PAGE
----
Global Citizen is a community of people like you

People who want to learn about and take action on the world’s biggest challenges. Extreme poverty ends with you.

Girls & Women

Serena Williams Pens Heartfelt Letter to Her Mom About Motherhood and Her ‘Badass Body’

Beth Wilson/Flickr

Legendary tennis player and new mom Serena Williams wrote a powerful letter to her mom, thanking her for being her role model and celebrating her own “badass body."

“I've been called man because I appeared outwardly strong. It has been said that that I use drugs. (No, I have always had far too much integrity to behave dishonestly in order to gain an advantage),” Williams tells her mother, tennis coach Oracene Price, in the heartfelt letter.

Embed from Getty Images

“It has been said I don't belong in women's sports — that I belong in men's — because I look stronger than many other women do. (No, I just work hard and I was born with this badass body and proud of it),” she continued.

And though her daughter, Alexis Olympia Ohanian, is only a few weeks old, Williams is already nervous her child will face the same gender-biased criticism and scrutiny that she has.

“I was looking at my daughter (OMG, yes, I have a daughter 😳) and she has my arms and legs! My exact same strong, muscular, powerful, sensational arms and body,” she marvels in the letter, which she posted to Reddit on Tuesday

Biceps 💪🏾

A post shared by Alexis Olympia Ohanian, Jr. (@olympiaohanian) on

“I don't know how I would react if she has to go through what I've gone through since I was a 15-year-old and even to this day … mom, I'm not sure how you did not go off on every single reporter, person, announcer and quite frankly, hater, who was too ignorant to understand the power of a black woman.”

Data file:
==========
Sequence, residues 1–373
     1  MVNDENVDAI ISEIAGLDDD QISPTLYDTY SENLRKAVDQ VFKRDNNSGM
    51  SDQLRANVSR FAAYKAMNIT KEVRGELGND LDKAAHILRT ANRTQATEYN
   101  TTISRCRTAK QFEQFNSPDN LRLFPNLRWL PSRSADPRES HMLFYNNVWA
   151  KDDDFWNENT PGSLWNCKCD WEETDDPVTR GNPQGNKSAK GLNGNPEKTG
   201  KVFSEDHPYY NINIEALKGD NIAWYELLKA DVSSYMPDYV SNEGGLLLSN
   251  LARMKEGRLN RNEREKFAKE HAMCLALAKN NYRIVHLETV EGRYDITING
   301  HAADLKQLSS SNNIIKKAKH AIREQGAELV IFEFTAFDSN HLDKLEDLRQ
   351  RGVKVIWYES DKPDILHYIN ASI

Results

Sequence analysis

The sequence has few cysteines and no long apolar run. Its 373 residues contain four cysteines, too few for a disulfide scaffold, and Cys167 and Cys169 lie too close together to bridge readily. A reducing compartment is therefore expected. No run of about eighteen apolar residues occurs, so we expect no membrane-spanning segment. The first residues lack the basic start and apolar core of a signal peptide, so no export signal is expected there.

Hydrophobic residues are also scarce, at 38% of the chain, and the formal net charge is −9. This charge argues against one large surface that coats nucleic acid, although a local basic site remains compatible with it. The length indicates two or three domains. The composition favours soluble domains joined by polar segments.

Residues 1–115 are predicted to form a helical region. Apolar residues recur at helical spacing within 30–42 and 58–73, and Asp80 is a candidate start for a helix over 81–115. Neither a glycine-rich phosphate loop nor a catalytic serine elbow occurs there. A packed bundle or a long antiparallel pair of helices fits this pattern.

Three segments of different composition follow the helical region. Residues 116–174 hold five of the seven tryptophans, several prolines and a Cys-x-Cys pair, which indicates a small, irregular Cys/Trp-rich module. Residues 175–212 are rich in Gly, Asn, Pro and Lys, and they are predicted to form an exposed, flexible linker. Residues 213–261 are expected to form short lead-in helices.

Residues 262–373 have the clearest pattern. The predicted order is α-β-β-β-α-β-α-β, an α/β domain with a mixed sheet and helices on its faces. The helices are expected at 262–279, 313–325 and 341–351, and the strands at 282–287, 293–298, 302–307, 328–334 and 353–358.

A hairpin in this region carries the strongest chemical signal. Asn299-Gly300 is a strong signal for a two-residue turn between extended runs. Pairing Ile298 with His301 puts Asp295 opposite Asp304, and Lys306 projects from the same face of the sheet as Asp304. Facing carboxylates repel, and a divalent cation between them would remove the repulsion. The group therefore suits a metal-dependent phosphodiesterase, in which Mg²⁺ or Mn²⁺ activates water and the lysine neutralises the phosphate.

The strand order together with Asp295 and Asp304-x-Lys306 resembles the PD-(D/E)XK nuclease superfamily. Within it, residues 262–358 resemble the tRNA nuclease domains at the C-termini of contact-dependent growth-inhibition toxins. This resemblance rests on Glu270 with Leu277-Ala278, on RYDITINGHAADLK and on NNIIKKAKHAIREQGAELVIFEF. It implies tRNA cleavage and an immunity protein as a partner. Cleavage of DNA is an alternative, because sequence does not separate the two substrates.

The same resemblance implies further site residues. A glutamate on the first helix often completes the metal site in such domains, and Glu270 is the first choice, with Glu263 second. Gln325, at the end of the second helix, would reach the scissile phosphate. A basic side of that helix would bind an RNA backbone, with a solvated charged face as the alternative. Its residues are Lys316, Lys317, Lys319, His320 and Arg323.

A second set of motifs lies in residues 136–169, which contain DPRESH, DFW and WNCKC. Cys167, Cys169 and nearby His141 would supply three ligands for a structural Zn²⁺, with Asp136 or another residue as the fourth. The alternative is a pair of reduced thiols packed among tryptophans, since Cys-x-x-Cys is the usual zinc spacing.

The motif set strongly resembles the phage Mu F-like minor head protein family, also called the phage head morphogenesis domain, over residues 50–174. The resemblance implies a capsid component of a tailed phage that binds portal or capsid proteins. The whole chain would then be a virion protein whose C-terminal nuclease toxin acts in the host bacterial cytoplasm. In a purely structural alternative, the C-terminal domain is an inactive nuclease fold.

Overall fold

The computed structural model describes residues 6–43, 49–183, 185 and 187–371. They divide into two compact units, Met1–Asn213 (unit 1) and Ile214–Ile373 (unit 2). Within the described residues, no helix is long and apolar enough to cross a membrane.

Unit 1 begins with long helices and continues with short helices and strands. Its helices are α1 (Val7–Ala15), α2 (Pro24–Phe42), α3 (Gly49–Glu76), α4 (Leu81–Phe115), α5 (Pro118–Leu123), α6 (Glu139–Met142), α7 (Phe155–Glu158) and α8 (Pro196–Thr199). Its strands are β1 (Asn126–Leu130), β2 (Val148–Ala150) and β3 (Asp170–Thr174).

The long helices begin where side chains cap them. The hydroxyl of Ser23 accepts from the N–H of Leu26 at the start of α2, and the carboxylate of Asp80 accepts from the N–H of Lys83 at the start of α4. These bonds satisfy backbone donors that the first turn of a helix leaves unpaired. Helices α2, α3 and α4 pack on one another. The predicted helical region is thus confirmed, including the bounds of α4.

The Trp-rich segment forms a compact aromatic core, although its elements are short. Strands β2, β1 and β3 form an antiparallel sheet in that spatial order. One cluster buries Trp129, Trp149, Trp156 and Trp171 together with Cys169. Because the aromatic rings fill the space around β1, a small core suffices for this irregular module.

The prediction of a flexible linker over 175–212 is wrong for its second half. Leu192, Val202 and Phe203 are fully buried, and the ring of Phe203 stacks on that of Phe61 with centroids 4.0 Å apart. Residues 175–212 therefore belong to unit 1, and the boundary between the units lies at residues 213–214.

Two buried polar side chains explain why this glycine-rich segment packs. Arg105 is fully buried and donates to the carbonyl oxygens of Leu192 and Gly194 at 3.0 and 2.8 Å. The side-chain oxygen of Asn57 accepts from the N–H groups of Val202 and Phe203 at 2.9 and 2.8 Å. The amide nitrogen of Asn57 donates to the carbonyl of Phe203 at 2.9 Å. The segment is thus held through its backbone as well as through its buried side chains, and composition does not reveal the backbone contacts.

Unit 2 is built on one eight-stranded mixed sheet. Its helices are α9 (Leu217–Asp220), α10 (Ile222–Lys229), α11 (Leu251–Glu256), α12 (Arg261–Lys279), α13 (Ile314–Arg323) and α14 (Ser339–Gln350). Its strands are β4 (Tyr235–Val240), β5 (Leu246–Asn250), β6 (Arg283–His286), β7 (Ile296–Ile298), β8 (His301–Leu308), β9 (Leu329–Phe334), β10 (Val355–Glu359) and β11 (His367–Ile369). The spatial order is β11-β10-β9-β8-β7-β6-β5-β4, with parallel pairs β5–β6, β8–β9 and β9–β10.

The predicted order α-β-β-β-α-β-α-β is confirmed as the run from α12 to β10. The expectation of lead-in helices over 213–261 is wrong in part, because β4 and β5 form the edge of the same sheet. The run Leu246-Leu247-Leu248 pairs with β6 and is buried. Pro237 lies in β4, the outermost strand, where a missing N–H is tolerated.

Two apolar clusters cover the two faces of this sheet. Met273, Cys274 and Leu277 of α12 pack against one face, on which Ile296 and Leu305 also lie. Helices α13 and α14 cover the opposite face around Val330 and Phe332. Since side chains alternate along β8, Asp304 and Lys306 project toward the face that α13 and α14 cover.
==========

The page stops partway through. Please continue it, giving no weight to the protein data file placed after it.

Over the years, Williams has been candid about her struggle with body image, sexism, and racism as an athlete and public figure.

Read more: Serena Williams Is Leading the Charge for Equal Pay for Black Women

"When I was younger, it was hard seeing all these thin athletes when I had more muscular curves and was big-busted," she told Time when she made their “100 Most Influential People” list in 2016.

“There was a time where I didn’t feel incredibly comfortable about my body, because I felt like I was too strong. And then I had to take a second and think, who says I’m too strong?” Williams said on ESPN. “This body has enabled me to be the greatest player I can be and I’m not going to scrutinize that. This is great. I mean, this is amazing.”

“I want women to know that it’s okay. You can be whatever size you are, and you can be beautiful both inside and out,” the tennis star told People Magazine in 2009. “We’re always told what’s beautiful and what’s not, and that’s not right.”

In her moving letter to her mother, Williams says she is proud to be a body-positive example to other women and thanks her mother for being a role model and teaching her to persist through challenges.

“I am proud we were able to show them what some women look like. We don't all look the same. We are curvy, strong, muscular, tall, small, just to name a few, and all the same: we are women and proud!”

via GIPHY

Williams is also an advocate for education and women’s rights — a champion both on and off the court.

Global Citizen campaigns for a gender equitable world where women receive equal pay for equal work and girls have equal access to quality education. You can take action here.